The school's current headmaster is Chris Lumb (2015–present). He is the first lay headmaster of Clongowes in its 204-year history. Leonard Maloney was the previous headmaster (2004–2015) Michael Sheil retired as headmaster in 2006 and Bruce Bradley (headmaster 1992–2000) was his successor. In September 2011 Michael Sheil returned as rector.
The school is a secondary boarding school for boys from Ireland and other parts of the world. The school is divided into three groups, known as "lines". The Third Line is for first and second year students, the Lower Line for third and fourth years, and the Higher Line for fifth and sixth years. Each year is known by a name, drawn from the Jesuit Ratio Studiorum: Elements (first year), Rudiments (second), Grammar (third), Syntax (fourth), Poetry (fifth), and Rhetoric (sixth).
The medieval castle was originally built in the 13th century by Stuart Cullen, an early Anglo-Norman warrior and landowner in northern Kildare. He had been given extensive lands in the area of Kill, Celbridge, and Mainham by his brother, Rurai Blaney, who had come to Ireland with Strongbow, the Earl of Pembroke.
The castle is the residence of the religious community and was improved by a "chocolate box" type restoration in the 18th century. It was rebuilt in 1718 by Stephen Fitzwilliam Browne and extended in 1788 by Thomas Wogan Browne. It is situated beside a ditch and wall – known as ramparts – constructed for the defence of the Pale in the 14th century. The building was completely refurbished in 2004 and the reception area was moved back there from the "1999 building."
The castle is connected to the modern buildings by an elevated corridor hung with portraits, the Serpentine Gallery referred to by James Joyce. This gallery was completely demolished and rebuilt in 2004 as part of a redevelopment programme for the school buildings.
The Serpentine Gallery – a portrait corridor connecting Clongowes castle to modern buildings
The Jesuit Community Library at Clongowes Wood College SJ
The College coat of arms in the Community Reception Room at Clongowes Wood College SJ
The Jesuit Community Reception Room at Clongowes Wood College SJ
In 1929 another wing was built at a cost of £135,000, presenting the rear façade of the school. It houses the main classrooms and the Elements, Rudiments, Grammar and Syntax dormitories.
An expansion and modernisation was completed in 2000; the €4.8m project added another residential wing that included a 500-seat dining hall, kitchen, entrance hall, offices, and study/bedrooms for sixth year ("Rhetoric") students.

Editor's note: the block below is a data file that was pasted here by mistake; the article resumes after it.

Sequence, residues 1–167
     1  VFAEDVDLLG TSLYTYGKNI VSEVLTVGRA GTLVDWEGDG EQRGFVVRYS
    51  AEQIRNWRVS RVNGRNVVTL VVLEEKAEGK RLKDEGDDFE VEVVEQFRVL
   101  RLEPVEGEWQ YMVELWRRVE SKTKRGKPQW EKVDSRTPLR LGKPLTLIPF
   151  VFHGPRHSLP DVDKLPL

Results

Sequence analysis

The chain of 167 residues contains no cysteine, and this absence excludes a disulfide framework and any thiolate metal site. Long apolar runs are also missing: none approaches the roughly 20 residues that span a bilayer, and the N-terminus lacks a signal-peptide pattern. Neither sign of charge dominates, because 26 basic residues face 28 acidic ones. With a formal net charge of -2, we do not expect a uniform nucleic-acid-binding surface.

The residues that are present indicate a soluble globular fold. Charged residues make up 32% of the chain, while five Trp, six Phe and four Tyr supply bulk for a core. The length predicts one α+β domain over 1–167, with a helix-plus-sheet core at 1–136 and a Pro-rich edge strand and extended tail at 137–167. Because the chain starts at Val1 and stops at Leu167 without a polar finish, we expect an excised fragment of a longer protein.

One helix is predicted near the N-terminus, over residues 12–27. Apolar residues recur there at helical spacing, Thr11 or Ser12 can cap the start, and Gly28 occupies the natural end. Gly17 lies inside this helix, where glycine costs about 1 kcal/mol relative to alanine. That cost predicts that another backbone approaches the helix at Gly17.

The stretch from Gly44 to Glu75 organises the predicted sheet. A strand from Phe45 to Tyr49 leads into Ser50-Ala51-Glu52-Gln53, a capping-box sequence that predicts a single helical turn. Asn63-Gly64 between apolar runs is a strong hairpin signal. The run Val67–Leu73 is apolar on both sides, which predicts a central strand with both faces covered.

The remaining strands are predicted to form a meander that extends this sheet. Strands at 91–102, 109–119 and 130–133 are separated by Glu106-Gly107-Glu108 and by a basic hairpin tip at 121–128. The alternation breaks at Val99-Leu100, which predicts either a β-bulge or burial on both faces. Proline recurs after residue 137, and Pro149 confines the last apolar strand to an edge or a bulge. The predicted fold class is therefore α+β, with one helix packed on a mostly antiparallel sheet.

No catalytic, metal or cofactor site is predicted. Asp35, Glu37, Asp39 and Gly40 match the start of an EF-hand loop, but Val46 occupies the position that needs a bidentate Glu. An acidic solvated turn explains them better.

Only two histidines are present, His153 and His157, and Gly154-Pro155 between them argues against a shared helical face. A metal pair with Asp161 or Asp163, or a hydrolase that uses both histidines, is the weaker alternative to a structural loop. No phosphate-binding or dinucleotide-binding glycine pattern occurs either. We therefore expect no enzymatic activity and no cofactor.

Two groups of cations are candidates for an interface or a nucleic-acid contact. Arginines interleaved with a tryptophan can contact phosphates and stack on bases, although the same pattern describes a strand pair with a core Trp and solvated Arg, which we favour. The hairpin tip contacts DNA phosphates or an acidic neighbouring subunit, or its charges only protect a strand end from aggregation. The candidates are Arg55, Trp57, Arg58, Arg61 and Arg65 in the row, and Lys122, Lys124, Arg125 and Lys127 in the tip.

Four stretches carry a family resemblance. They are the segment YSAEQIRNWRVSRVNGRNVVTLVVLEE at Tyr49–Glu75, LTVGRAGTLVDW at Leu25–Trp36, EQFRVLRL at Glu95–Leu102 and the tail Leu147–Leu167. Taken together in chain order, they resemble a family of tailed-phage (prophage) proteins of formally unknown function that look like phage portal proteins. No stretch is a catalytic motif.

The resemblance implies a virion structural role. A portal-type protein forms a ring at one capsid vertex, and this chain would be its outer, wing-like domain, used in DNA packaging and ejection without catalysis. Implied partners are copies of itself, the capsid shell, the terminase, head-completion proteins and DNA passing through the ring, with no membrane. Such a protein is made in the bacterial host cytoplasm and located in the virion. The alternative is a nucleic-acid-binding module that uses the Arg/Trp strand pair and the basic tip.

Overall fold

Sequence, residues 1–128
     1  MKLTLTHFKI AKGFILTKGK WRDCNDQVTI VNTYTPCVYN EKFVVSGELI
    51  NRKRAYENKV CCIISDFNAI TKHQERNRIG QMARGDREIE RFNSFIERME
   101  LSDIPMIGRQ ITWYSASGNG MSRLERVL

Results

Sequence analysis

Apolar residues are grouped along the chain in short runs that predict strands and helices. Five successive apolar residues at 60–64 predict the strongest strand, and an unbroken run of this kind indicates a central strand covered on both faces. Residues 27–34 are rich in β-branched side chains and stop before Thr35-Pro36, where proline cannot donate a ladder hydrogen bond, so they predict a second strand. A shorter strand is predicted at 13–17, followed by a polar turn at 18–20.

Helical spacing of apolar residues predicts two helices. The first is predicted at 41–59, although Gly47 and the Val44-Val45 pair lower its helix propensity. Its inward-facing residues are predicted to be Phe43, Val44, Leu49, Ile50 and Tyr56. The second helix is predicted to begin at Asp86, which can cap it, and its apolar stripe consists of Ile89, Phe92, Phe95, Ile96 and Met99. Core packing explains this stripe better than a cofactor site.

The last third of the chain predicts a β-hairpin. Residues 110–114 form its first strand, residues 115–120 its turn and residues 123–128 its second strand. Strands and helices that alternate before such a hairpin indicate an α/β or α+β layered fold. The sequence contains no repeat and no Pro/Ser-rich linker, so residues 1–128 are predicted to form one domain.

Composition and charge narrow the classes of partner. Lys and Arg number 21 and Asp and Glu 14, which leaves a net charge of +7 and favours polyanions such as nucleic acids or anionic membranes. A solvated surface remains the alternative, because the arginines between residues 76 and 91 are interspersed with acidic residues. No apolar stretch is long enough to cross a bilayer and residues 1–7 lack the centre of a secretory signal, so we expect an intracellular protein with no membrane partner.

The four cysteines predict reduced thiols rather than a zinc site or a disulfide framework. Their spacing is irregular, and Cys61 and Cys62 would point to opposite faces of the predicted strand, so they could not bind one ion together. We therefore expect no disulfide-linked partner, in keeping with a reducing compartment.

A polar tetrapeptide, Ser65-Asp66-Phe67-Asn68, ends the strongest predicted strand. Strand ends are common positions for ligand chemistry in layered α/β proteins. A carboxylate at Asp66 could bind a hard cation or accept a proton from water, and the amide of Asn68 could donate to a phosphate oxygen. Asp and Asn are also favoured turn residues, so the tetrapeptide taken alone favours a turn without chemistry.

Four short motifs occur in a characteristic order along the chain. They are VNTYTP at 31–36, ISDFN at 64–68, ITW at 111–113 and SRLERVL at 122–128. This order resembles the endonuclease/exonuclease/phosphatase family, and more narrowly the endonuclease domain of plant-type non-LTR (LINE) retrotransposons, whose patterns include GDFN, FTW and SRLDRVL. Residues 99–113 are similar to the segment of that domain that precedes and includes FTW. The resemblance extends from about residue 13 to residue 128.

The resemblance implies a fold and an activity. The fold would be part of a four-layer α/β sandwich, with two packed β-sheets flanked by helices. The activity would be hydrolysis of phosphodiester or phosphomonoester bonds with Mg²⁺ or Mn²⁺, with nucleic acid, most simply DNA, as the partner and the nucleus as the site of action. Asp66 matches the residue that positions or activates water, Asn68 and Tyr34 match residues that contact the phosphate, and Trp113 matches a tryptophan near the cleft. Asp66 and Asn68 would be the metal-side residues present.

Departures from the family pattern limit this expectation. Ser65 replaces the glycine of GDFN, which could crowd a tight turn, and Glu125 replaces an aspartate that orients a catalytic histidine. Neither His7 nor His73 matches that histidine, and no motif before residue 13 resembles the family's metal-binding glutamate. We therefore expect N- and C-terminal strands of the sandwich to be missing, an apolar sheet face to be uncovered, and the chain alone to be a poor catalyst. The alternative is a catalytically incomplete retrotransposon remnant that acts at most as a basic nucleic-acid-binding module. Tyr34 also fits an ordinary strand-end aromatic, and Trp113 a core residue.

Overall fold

The Boys' Chapel has an elaborate reredos, a large pipe-organ in the gallery, and a sequence of Stations of the Cross painted by Sean Keating. School tradition has it that the portrait of Pontius Pilate in the twelfth station was based on the school rector, who had refused to pay the artist his asking price.
The moat that outlines the nearby forest of the college is the old border of The Pale, with the Wogan-Browne castle (now the residence of the Jesuit community) landmarking its edge.
The Boys' Chapel at Clongowes Wood College SJ
The altar in the Boys' Chapel at Clongowes
The school traces its history back to a 799-acre (3.23 km2) estate owned by the Wogan family in 1418 under the reign of Henry IV. The name "Clongowes" comes from the Irish for "meadow" (cluain) and for "blacksmith" (gobha). The estate was originally known as "Clongowes de Silva" (de Silva meaning "of the wood" in Latin). The estate later passed to the Eustace family and became part of the fortified border of the Pale in 1494. The Eustaces lost their estates during the Restoration (1660). The estate was sold by the Wogan-Brownes to the Jesuits in March 1814 for £16,000.
Plaque outside reception, commemorating its 1st pupil James McLornan on 18 May 1814
The school accepted its first pupil, James McLornan, on 18 May 1814.
As of 2018, there were two Jesuits living at the school.
One early history of the school is The Clongowes Record 1814-1932 by Fr Timothy Corcoran, S.J. (Browne and Nolan, Dublin, 1932). A half-century later, a history was written by Fr Roland Burke Savage, S.J., and published in The Clongownian school magazine during the 1980s; that same decade, Peter Costello wrote Clongowes Wood: a History of Clongowes Wood College 1814-1989, published by Gill and Macmillan, Dublin, 1989).
Statue of Ignatius of Loyola in reception area
Clongowes is known for its strong pedigree in rugby union. Despite a relatively small size, Clongowes has won the Leinster Schools Rugby Senior Cup on eight occasions, winning its first final in 1926. Following this there was a gap of 52 years until the next title in 1978. Beginning with a 3rd title in 1988 and up until 2011, Clongowes has appeared in 13 finals, more than any other school in the competition during this period. Clongowes secured a first set of back-to-back titles with wins in 2010 and 2011.
More recently a promotional video was published on the school's Youtube channel, entitled "Sixth Year Speeches: Our Message to You," a high-budget short film funded by the school. In this video they premiere the establishment of a new secondary slogan for the school: "Go forth, and set the world on fire," which aims to encourage their students to make a difference in the world.
^A Short History of Clongowes Wood College by Brendan Cullen, 2011, p. 2
^A Portrait of the Artist as a Young Man, James Joyce. Chapter 5, 25 March, Morning: "A long curving gallery. From the floor ascend pillars of dark vapours. It is peopled by the images of fabulous kings, set in stone. Their hands are folded upon their knees in token of weariness and their eyes are darkened for the errors of men go up before them for ever as dark vapours."